For WINS, Earth Day is Every Day

Women In Natural Sciences has been exposing young women to the natural sciences for almost 38 years. While not every student who comes through the program will choose to pursue the natural sciences as a career, they will all certainly become better stewards for our planet!

The primary objective is to show a side of science that our young women don’t get to see in the classroom. It is an exclusive opportunity to learn science from the scientists who actually do the work.

We also take advantage of experiences that are available for free in our own backyard, reminding ourselves that even the most routine activities from one day to the next cannot function and progress without science. It is the combination of these experiences that have significant impact on the way our young women understand the role they play in our ecosystem.

WINS I at the top of a landfill mound with one of the landfill compactors in the background.

During the first summer in WINS, students venture to places that provide some of the most important services to our community, and in most cases it is safe to say we take them for granted. We visit places including the Southeast Water Treatment Plant and observe the waste-water treatment process from start to finish. We visit a landfill in New Jersey to see first-hand where our trash ends up.

We visit solar panel fields and a coal mine to compare renewable and non-renewable resources. The end result is an impact so significant that it encourages students to evaluate the footprint each of us leaves behind.

If you’ve ever thrown trash in a sewer, or poured grease and toxic chemicals down the drain, I can assure you that seeing what we put into our water and the work it takes to clean it will make you think twice about doing it again. Seeing the inside of a landfill and all that ends up there might make you reconsider how you dispose of your waste.

girls in planta
WINS I Visit to Urbanstead, a community vegetable garden located in the Fairmount neighborhood of Philadelphia.

As our young women progress in WINS, we continue to explore science in various forms, each new experience providing another significant resource to tap into as they journey through high school, their college selection, and career path.

Some of my favorite outcomes of these experiences are the unexpected outcomes. While we focus on nurturing eco-stewards, we are especially proud to empower young women in society. We encourage them to support and promote each other instead of competing with or diminishing their peers.

Hands-on learning in the Ichthyology Department

Of all the things a WINS girl can be, we want her to be a compassionate citizen in her community. We can be confident in our own capabilities, but humble enough to know we can learn from people of all walks of life.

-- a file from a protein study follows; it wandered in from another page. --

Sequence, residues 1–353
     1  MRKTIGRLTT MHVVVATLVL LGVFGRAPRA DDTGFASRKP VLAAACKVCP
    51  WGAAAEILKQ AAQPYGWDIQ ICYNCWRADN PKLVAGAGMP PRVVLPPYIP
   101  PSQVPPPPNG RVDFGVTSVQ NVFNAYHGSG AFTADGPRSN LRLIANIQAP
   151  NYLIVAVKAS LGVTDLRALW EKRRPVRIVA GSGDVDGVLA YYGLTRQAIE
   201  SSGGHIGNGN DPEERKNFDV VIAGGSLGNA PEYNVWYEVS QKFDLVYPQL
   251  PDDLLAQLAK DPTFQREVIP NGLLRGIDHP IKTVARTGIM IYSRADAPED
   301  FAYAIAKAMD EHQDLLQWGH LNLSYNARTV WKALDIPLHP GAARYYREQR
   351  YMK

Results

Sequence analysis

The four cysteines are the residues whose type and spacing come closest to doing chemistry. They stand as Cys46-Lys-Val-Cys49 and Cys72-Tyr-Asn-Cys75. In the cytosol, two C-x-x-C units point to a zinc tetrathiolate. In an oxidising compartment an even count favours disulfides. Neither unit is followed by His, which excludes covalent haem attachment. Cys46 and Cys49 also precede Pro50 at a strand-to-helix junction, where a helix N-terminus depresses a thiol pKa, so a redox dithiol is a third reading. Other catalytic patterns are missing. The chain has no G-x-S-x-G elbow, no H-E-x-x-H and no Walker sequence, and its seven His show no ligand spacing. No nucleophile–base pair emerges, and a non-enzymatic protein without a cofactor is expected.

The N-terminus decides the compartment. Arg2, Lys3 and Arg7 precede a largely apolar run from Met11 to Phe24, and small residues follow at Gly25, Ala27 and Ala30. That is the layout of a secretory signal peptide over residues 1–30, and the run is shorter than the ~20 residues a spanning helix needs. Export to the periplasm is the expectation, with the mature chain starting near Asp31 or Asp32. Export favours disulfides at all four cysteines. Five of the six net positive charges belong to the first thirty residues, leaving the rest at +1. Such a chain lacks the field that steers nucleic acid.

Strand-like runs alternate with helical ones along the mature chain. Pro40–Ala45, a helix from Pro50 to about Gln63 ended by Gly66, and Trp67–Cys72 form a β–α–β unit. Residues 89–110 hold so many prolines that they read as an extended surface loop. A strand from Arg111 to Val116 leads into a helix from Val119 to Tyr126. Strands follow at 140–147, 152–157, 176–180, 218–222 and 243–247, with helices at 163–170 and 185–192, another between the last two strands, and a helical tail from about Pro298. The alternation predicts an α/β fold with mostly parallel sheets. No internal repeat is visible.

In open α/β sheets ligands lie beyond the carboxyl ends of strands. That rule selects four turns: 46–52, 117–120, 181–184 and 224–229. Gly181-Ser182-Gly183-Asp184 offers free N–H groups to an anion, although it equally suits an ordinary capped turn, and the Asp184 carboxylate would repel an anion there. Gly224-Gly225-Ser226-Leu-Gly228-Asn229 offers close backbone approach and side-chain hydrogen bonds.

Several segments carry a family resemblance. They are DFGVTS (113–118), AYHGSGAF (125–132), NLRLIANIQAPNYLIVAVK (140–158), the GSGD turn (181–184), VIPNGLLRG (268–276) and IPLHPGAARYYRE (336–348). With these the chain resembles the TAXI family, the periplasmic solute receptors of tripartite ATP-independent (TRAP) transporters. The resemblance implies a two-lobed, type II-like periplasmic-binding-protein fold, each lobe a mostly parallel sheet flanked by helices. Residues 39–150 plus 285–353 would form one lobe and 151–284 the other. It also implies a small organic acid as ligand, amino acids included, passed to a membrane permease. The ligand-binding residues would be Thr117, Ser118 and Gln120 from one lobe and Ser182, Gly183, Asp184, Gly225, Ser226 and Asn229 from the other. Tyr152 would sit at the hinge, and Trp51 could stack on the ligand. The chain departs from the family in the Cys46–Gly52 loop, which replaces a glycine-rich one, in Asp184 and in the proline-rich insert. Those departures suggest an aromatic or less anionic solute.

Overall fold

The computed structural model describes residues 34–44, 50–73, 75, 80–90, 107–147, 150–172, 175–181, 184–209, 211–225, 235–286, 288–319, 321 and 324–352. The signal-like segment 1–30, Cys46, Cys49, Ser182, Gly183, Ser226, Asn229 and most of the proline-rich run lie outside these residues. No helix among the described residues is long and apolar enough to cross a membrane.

And as we work to achieve our own personal goals, we understand how important it is to take the knowledge we’ve gained and share it with others so they too can become eco-stewards and good citizens.

On Earth Day, especially this Earth Day 2020, I can only hope that through  “social distancing,” the WINS girls (and all of us for that matter) are reminded that not only does science matter, but how much we matter to each other and that we need to elevate our humanity if we expect to do good for the Earth.

kids on stairs
The WINS community

WINS is the Academy’s free, year-round after-school and summer science enrichment program for young women attending Philadelphia public and charter schools. Since its founding in 1982, WINS has introduced hundreds of high school girls to future careers in science and other professional environments by providing hands-on science workshops, career and college exploration, and positive youth development activities.

WINS is a 2018 winner of the Presidential Awards for Excellence in Science, Mathematics and Engineering Mentoring Program. In addition to a strong emphasis on academics and science, WINS also provides a uniquely nurturing environment that allows girls to interact with peers and share in new experiences.

To learn more, please visit our webpage. In order to apply, students must be nominated first. If you are a student with at least a “B” average, finishing 8th grade and planning to attend a Philadelphia public or charter high school, and motivated to invest in your own success, the nomination form will be available from Jan. 1 to Feb. 15 on our webpage.

By Kimberly A. Godfrey, Academy Manager of Social Justice Programs

We need your support now more than ever. If you believe that science matters, please consider a donation to support the Academy’s efforts to ensure a healthy, sustainable and equitable planet.

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